Eating super healthy can be a problem—whaaaat?

Organic. Pure. Clean. Healthy. 

Great words. And wanting to pursue a ____________ (insert whichever word applies in the blank–Organic. Pure. Clean. Healthy) lifestyle often is inspired by good intentions. However, for some of us, things can go haywire. 
 

Instead of ____________ (insert whichever word applies in the blank–Organic. Pure. Clean. Healthy) improving our lives and making things feel more fully and healthily experienced, our lives get smaller. Things get obsessive. What we can and can’t eat gets more and more limited. Fear creeps in if there is a question about quality of food. Fear shifts to panic. We stop attending social events because of the food quality or we abstain from joining others in consumption because it’s just not ____________ (insert whichever word applies in the blank–Organic. Pure. Clean. Healthy).
 

Days are filled with thoughts and plans about ____________ (insert whichever word applies in the blank–Organic. Pure. Clean. Healthy).
 

Sound or seem familiar?
 

Believe it or not, this kind of attention to a ____________ (insert whichever word applies in the blank–Organic. Pure. Clean. Healthy) food and lifestyle can actually consume a person’s quality of life.
 

Though it is not included in the most current Diagnostic and Statistical Manual of Mental Disorders, orthorexia is “a term coined in 1996 by physician Steven Bratman to describe a ‘fixation on righteous eating’” (Haupt, 2010).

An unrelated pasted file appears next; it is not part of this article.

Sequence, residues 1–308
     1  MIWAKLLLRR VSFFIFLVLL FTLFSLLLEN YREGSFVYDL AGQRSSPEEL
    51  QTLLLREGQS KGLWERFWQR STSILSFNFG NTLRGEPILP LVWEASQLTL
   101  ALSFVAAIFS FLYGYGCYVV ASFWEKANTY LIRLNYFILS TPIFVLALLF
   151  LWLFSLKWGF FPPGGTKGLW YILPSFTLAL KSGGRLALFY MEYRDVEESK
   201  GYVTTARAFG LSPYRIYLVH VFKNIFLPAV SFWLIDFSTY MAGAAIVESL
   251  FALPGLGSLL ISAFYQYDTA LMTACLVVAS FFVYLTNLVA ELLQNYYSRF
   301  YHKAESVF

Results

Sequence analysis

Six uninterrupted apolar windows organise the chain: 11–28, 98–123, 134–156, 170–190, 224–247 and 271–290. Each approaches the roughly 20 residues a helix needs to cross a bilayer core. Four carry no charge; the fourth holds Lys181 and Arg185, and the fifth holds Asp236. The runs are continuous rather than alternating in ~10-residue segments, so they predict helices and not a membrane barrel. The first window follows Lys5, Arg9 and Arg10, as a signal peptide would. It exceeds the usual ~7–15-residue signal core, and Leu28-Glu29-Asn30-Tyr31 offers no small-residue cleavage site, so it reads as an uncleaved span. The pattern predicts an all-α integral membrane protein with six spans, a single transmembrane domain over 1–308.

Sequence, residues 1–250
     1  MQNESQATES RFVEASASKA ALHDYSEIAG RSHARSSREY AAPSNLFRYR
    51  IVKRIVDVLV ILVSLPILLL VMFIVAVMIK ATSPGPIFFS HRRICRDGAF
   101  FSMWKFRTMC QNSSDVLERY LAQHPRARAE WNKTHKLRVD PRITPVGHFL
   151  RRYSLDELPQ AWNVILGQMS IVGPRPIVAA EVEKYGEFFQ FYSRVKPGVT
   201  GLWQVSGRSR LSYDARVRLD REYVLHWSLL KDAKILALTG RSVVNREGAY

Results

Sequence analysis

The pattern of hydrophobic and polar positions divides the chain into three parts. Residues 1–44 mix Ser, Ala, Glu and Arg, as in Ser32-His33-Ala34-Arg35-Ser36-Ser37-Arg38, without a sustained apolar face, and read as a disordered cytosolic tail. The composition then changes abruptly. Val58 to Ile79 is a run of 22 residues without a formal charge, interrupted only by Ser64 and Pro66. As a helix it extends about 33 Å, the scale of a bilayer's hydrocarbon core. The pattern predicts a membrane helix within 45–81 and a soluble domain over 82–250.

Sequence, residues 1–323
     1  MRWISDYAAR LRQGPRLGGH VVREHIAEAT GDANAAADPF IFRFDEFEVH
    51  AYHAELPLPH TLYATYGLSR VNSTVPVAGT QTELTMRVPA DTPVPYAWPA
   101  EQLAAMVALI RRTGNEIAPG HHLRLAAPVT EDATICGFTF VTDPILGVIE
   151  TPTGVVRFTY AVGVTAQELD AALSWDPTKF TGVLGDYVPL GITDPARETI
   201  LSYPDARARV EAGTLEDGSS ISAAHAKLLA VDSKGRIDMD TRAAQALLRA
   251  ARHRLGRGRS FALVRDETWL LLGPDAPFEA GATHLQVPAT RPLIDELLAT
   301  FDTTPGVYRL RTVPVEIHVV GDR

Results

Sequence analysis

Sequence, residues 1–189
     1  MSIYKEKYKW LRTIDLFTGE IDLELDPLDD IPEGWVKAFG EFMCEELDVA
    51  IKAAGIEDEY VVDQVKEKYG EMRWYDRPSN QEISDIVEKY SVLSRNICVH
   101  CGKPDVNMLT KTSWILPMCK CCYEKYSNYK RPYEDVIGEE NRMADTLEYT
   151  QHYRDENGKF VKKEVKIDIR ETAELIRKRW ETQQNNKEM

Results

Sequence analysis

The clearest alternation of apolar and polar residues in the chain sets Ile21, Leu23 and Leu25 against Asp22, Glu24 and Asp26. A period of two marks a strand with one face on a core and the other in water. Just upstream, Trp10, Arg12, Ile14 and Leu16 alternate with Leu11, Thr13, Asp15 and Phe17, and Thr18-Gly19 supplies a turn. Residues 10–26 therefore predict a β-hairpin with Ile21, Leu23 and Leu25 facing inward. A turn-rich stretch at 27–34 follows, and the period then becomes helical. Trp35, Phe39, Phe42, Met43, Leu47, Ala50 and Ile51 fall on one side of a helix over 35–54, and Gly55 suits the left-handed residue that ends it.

If you might be struggling with orthorexia or even having trouble between a healthy lifestyle with a mix of freedom, too, it may behoove you to reach out to a professional who works with eating issues and eating disorders.  
 

Please take a moment to notice if you might have experienced a shift from “choosing” ____________ (insert whichever word applies in the blank–Organic. Pure. Clean. Healthy) options to having little to no choice in the matter…   
 

References
 

Haupt, A. (2010, December 14). Orthorexia: An unhealthy obsession with healthy eating: Eating right taken to an extreme is orthorexia, and the condition seems to be spreading. [Web log post]. Retrieved from http://health.usnews.com/health-news/diet-fitness/brain-and-behavior/articles/2010/12/14/orthorexia-an-unhealthy-obsession-with-healthy-eating

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